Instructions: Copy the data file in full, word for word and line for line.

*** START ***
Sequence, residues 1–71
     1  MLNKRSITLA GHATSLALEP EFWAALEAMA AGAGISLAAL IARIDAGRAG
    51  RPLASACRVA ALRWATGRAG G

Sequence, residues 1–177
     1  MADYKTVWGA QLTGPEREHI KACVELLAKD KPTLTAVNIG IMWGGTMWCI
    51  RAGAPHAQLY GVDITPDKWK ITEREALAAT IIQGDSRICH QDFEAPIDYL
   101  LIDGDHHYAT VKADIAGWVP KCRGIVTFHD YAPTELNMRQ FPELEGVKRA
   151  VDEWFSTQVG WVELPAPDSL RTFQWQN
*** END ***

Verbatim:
Sequence, residues 1–71
     1  MLNKRSITLA GHATSLALEP EFWAALEAMA AGAGISLAAL IARIDAGRAG
    51  RPLASACRVA ALRWATGRAG G

Sequence, residues 1–177
     1  MADYKTVWGA QLTGPEREHI KACVELLAKD KPTLTAVNIG IMWGGTMWCI
    51  RAGAPHAQLY GVDITPDKWK ITEREALAAT IIQGDSRICH QDFEAPIDYL
   101  LIDGDHHYAT VKADIAGWVP KCRGIVTFHD YAPTELNMRQ FPELEGVKRA
   151  VDEWFSTQVG WVELPAPDSL RTFQWQN